consider the precise time of those occurrences,
that is, which does not consider performances; W.M.
Wonham et P. Ramadge, and after them
numerous researchers, have extended the paradigm of
control to
Automata and Formal Language Theory:
the control can inhibit some state
transitions to avoid running into undesired behaviors (more
mathematically, one tries to force the automaton to produce only a
specified sublanguage of the language this automaton can produce
without control);
- the quantitative approach which addresses the
issue of "performance
evaluation" (evaluated by the number of
events occurring in a given lapse of time), and that of
performance
optimization; in this general
framework, two schools can be distinguished:
- the "perturbation
analysis" approach, opened by
Y.C.
Ho (by the way, probably the father
of the expression "Discrete Event
Dynamic Systems") and all the
variants which followed, the purpose of which is to solve all
kinds of non classical optimization problems, due to the
"discrete event" aspect, generally in a stochastic framework;
- the "Max Plus"
approach, which is the center of
our research activity in this field, and thus the main concern
hereafter.
The Max Plus approach in a few words
In a few words, this approach is characterized
by:
- the use of an adequate algebra, the
so-called "Max Plus" algebra (essentially, the addition of two
numbers consists of their maximum, whereas the
multiplication of two numbers is the usual plus; for example 3 plus 5
equals 5, and 3 times 5 equals 8), or more generally, the
dioid algebra (or idempotent
semiring);
- the limitation to certain classes of
DES, indeed those which only involve synchronization phenomena
(this assumes that competition is already
settled by a scheduling policy at a higher level); essentially,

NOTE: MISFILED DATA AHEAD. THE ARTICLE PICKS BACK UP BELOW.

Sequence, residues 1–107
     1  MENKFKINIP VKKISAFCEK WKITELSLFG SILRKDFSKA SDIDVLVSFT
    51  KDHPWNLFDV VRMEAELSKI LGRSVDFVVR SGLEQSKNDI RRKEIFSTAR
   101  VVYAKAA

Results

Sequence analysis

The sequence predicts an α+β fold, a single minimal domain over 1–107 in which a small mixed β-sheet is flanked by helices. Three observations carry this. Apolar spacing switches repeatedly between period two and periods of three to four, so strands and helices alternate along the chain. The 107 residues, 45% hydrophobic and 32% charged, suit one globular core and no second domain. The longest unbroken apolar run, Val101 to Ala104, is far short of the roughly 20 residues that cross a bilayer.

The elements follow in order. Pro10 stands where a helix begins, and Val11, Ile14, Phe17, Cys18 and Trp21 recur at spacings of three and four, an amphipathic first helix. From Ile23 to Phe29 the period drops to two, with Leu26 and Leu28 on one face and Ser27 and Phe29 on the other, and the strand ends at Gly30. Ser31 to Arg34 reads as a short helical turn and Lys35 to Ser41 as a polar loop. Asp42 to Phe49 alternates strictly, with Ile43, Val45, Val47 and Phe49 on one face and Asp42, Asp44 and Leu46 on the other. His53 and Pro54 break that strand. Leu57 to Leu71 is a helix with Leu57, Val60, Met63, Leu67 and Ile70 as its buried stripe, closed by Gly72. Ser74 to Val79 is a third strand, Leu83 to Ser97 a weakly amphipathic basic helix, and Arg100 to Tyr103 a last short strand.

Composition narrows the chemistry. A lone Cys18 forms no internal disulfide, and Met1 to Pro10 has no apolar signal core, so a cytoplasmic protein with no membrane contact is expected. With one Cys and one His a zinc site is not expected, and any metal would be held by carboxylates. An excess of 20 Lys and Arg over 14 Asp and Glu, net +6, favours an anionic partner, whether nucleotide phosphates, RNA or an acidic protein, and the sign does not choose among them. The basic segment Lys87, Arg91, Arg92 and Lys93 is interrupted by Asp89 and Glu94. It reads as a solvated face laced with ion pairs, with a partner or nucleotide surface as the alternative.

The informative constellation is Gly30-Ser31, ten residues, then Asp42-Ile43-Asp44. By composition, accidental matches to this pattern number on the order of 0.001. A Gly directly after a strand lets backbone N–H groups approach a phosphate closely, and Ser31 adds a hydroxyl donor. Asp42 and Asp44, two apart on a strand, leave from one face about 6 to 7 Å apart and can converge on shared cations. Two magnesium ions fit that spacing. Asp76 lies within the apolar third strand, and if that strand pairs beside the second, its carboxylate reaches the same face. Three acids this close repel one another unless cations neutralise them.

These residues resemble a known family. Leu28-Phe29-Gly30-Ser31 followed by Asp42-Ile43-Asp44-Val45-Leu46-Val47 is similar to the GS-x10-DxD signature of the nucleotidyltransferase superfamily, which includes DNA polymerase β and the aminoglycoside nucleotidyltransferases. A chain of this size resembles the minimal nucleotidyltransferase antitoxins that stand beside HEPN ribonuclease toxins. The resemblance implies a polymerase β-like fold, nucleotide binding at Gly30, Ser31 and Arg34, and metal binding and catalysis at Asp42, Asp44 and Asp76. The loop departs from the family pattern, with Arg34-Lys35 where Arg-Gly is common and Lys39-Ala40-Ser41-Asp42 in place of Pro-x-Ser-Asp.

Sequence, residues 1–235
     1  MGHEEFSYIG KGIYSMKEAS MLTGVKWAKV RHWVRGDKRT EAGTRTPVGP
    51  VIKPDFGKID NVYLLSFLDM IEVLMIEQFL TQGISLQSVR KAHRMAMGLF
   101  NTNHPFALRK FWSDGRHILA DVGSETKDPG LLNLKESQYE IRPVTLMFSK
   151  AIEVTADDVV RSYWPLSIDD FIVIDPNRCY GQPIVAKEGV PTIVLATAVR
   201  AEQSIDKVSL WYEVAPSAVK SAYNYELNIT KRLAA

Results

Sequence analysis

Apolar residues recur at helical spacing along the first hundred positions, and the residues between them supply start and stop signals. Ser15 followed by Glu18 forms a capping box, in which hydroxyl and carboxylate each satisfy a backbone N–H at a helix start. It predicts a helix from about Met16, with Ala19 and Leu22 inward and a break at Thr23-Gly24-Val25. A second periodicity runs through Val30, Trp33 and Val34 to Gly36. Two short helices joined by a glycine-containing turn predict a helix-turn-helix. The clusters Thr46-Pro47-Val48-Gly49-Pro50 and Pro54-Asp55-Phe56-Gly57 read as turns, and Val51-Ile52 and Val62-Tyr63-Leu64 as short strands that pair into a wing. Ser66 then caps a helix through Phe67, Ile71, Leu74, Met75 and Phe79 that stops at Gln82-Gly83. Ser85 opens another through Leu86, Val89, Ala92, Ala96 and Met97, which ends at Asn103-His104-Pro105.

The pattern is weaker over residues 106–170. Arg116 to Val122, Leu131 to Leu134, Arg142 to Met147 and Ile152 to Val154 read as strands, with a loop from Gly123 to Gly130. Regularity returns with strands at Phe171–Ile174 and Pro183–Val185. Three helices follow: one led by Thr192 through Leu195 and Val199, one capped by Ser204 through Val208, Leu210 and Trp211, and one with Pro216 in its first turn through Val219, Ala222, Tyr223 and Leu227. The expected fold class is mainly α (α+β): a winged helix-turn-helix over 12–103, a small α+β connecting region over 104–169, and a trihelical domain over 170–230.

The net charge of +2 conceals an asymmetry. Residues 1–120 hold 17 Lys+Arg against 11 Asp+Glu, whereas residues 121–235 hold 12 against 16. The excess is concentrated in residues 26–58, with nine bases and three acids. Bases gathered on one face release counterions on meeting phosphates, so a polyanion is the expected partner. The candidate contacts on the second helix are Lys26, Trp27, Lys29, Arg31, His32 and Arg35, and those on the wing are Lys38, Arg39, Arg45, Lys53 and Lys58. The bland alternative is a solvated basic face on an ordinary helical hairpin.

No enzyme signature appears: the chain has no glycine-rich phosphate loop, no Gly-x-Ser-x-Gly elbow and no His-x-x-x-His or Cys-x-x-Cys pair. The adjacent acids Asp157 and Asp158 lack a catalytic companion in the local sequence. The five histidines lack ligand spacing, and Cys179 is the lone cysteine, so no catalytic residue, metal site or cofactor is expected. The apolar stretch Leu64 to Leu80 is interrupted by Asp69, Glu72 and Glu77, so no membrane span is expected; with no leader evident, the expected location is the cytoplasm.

these systems can be modelled, in the Petri net paradigm, by the
subclass of event
graphs;
- the performance
evaluation focus (the corresponding
event graphs are thus timed
event graphs).
In this framework, timed event graphs can be
considered as linear systems
which are relevant to a theory having a
strong analogy with conventional linear system theory.
However,
- on the one hand, our interest is not
necessarily limited to DES which are
linear in any
dioid
algebra;
- on the other hand, dioid
algebra has other applications in addition to that of DES theory,
and these applications are also of interest for us.
Want to know more? . . .
Small glossary
- DES
- discrete event system
- Dioid or idempotent semiring
- algebraic structure endowed with an addition
which is associative, commutative, with a "zero" element, with a
multiplication which is associative, with a "one" element, the
multiplication being distributive with respect to addition, zero
being absorbing for multiplication (zero times a equals zero for all
a); at last,
addition is idempotent, namely a plus a equals a for all a.
- Event graph
- Petri net in which each place has a single
upstream (input) and a single downstream (output) transition,
hence there is no competition in the supply of tokens to places
nor in the consumption of tokens out of places; transitions may
have several inputs and outputs, hence synchronization constraints
can be represented in those graphs.
Last update by Guy
Cohen Jan. 14, 2000